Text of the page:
On December 1, 2016, about 4.2 million workers who were previously classified as "exempt" could become eligible for overtime pay due to modifications to the Fair Labor Standards Act (FLSA), and many small businesses have been scrambling to comply with the new rules.
Following is a brief summary of why the changes were enacted, and what they may mean for both workers and employers.
In May 2016, President Obama and Secretary of Labor Thomas Perez announced major changes to the FLSA that are intended to improve the situations of lower-salaried workers who typically work more than 40 hours per week, such as restaurant and retail managers. Because of their long hours and relatively low salaries, such employees can potentially earn less, on an hourly basis, than the associates they manage. The Department of Labor (DOL) has said, "This long-awaited update will result in a meaningful boost to many workers' wallets." However, the new rules may complicate matters for small businesses struggling to maintain appropriate staffing levels while trying to contain labor costs.
Specifically, the new rules increase the minimum salary that an executive, administrative, and professional employee must earn to be considered "exempt" from overtime pay. On December 1, the annual salary threshold rises to $47,476 ($913 per week), more than double the previous amount of $23,660 ($455 per week) established in 2004. This means that employers are considering several options:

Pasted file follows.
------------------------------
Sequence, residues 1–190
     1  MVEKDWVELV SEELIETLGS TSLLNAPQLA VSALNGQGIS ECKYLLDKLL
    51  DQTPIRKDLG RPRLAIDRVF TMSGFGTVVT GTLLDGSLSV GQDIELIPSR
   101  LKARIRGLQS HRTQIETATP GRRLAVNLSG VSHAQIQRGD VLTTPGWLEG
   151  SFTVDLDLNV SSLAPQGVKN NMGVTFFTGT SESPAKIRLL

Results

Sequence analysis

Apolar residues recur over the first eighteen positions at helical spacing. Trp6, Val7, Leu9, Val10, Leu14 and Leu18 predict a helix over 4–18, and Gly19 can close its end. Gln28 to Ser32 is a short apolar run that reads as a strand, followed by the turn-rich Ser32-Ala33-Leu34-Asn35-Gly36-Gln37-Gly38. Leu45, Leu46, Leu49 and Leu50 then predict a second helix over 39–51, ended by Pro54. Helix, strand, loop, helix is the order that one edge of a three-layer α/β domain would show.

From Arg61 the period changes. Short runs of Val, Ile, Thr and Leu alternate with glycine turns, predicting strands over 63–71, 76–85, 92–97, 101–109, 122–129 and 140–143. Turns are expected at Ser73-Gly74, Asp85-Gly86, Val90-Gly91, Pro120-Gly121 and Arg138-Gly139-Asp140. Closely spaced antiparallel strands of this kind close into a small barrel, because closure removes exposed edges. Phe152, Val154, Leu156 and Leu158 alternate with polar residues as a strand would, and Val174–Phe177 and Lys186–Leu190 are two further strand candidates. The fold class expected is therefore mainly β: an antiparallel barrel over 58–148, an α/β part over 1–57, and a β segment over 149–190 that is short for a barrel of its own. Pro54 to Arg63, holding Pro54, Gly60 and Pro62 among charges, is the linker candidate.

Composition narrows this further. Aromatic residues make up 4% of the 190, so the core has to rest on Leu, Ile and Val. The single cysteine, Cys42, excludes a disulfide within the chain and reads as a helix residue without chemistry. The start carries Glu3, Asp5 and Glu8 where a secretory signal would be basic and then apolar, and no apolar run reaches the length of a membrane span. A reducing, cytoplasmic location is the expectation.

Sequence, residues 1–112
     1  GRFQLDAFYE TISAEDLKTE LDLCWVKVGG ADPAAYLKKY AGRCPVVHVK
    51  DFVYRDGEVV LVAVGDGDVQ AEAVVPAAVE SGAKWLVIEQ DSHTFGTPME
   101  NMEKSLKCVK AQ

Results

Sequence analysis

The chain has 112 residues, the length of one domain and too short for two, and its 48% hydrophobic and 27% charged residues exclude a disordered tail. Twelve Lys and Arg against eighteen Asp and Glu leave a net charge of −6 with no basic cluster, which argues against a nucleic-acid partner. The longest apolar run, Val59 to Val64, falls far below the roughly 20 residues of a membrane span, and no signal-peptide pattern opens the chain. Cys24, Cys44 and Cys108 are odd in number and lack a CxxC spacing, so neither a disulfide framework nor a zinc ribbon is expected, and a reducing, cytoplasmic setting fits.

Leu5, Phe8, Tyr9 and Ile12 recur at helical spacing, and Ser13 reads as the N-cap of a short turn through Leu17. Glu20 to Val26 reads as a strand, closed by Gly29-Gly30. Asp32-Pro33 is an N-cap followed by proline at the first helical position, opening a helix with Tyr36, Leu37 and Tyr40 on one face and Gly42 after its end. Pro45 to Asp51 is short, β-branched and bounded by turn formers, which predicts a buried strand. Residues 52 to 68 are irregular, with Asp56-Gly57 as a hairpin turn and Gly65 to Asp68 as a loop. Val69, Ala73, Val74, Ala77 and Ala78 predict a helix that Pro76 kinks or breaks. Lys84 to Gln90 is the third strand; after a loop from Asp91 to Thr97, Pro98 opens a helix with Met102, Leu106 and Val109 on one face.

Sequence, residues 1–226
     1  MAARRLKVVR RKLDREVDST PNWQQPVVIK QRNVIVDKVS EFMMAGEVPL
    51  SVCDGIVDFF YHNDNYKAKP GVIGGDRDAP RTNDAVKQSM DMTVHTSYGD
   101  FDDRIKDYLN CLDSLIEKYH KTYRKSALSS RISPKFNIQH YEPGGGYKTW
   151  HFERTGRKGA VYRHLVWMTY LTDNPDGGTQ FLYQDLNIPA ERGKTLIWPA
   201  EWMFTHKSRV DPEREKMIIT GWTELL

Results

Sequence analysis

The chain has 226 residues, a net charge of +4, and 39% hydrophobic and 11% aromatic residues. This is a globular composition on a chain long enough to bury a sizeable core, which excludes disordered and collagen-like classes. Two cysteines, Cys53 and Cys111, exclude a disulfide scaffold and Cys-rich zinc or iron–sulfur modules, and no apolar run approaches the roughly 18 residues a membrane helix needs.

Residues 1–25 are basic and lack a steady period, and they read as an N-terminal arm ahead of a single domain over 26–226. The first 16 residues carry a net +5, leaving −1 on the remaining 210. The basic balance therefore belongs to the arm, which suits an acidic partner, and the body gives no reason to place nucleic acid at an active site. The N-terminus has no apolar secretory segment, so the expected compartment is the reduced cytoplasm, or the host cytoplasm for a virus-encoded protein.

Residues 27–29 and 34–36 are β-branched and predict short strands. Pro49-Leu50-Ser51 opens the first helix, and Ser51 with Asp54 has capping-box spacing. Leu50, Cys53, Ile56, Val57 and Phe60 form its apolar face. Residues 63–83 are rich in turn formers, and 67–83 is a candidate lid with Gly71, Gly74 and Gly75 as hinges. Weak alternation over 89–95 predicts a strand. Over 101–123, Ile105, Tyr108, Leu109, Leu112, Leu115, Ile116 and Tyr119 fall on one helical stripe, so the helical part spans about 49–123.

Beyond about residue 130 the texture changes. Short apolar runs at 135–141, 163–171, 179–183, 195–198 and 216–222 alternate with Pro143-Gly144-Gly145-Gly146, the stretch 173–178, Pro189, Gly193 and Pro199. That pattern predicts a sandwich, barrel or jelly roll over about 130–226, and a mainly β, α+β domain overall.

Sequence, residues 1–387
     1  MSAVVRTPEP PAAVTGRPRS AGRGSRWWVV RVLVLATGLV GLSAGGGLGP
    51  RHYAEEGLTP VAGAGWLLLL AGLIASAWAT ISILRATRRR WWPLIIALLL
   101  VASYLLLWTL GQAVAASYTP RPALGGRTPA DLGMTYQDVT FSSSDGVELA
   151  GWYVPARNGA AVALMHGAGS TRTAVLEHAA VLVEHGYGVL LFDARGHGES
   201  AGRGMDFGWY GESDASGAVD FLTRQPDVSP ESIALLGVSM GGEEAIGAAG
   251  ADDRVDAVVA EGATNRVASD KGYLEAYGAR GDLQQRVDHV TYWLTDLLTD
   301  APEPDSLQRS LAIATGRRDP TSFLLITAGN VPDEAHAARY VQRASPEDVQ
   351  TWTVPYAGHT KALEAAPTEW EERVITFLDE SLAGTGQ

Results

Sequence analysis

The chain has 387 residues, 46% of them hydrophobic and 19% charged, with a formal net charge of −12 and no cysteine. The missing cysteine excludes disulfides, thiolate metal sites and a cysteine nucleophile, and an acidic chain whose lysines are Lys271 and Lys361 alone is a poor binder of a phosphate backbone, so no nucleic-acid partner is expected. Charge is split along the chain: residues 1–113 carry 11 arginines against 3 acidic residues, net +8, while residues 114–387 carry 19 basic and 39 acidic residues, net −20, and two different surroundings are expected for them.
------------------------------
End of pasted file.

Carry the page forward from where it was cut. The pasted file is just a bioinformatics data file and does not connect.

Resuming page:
- Reclassify all employees making less than $47,476 per year as non-exempt, and therefore eligible to receive time and a half overtime pay when their hours exceed 40 per week.
- Ensure that the salary for all executive, administrative, and professional employees is at least $47,476 per year.
- Ensure that all executive, administrative, and professional employees who make less than $47,476 annually work no more than 40 hours per week.
One caveat is that the rule also allows employers to use nondiscretionary bonuses and incentive compensation (including commissions) to satisfy up to 10% of the new threshold salary requirement, as long as those payments are made on at least a quarterly basis. Also note that the new salary threshold will be adjusted every three years, beginning in 2020, based on wage growth, so affected employee salaries will need to keep pace with these adjustments.
While the rules are intended to improve employee situations by helping them secure either higher paychecks or fewer hours at work — and may indeed achieve that goal for many American workers — the benefits may barely be noticed by employees whose salaries need to rise by small amounts to meet the new threshold. Employers, by contrast, are weighing the requirements of having to track salaried employee hours and potentially make overtime payments against the costs of lifting salaries to meet the threshold.
For more specifics and information, please visit the Department of Labor website.